Evaluation of global simulations of aerosol particle and cloud condensation nuclei number, with implications for cloud droplet formation

Atmospheric Chemistry and Physics Copernicus GmbH 19 (2019) 8591-8617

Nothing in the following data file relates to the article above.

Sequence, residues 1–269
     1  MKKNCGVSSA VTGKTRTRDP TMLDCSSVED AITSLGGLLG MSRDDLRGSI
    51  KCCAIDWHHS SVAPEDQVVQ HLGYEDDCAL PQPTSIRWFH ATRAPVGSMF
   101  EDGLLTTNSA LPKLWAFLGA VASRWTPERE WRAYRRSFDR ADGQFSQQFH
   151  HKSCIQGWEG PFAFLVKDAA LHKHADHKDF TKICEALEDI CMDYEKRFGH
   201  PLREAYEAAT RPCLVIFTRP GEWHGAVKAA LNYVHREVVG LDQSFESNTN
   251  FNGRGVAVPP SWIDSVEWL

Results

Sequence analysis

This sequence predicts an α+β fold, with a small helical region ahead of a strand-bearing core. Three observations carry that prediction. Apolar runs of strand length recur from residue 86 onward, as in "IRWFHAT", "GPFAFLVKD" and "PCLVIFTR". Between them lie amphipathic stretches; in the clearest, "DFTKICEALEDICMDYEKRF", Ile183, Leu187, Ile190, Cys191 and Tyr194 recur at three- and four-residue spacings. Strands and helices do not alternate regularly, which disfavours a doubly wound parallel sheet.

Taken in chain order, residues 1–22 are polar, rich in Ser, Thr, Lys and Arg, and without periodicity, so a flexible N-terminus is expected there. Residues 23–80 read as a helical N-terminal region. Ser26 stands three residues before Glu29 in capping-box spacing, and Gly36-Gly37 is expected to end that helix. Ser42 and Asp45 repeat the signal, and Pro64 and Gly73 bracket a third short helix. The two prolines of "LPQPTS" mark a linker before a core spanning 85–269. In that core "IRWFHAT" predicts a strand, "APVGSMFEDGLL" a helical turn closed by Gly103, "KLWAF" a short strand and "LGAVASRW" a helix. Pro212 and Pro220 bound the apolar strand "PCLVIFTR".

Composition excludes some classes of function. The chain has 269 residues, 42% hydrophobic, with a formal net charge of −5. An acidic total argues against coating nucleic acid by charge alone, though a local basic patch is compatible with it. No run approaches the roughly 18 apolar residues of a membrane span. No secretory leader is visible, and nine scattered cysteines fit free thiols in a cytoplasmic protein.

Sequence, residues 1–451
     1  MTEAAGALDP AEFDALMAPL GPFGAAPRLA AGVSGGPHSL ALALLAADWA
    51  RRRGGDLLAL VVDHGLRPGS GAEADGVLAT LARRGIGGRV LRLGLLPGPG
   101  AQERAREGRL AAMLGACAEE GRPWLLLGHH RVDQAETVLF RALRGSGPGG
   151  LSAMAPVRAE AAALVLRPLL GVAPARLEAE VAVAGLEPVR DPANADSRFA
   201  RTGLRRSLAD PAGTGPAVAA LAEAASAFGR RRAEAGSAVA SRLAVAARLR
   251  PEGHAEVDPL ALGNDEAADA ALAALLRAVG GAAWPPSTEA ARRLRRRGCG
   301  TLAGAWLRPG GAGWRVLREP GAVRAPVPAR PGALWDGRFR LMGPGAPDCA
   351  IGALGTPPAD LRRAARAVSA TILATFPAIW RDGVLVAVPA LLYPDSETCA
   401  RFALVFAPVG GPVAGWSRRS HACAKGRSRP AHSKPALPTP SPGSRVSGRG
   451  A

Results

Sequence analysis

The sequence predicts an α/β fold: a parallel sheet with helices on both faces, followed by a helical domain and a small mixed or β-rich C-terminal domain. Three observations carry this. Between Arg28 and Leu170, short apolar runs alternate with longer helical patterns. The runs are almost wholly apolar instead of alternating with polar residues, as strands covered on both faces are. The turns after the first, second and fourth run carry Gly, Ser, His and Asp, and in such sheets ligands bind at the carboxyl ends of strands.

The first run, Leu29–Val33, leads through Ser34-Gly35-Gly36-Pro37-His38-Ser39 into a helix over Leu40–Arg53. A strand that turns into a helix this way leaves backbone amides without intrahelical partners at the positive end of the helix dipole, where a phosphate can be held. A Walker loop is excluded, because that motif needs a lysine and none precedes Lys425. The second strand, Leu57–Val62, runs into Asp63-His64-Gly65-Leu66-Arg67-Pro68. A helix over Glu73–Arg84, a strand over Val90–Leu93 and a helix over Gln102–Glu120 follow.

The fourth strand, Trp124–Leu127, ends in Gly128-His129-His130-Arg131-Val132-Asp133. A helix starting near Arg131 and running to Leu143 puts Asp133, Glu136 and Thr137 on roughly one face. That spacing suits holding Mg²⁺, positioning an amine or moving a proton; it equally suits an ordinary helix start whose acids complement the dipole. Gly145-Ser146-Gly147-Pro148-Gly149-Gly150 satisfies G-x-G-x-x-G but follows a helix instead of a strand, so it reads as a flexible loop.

GS Fanourgakis, M Kanakidou, A Nenes, SE Bauer, T Bergman, KS Carslaw, A Grini, DS Hamilton, JS Johnson, VA Karydis, A Kirkevåg, JK Kodros, U Lohmann, G Luo, R Makkonen, H Matsui, D Neubauer, JR Pierce, J Schmale, P Stier, K Tsigaridis, T van Noije, H Wang, D Watson-Parris, DM Westervelt, Y Yang, M Yoshioka, N Daskalakis, S Decesari, M Gysel-Beer, N Kalivitis, X Liu, NM Mahowald, S Myriokefalitakis, R Schrödner, M Sfakianaki, AP Tsimpidi, M Wu, F Yu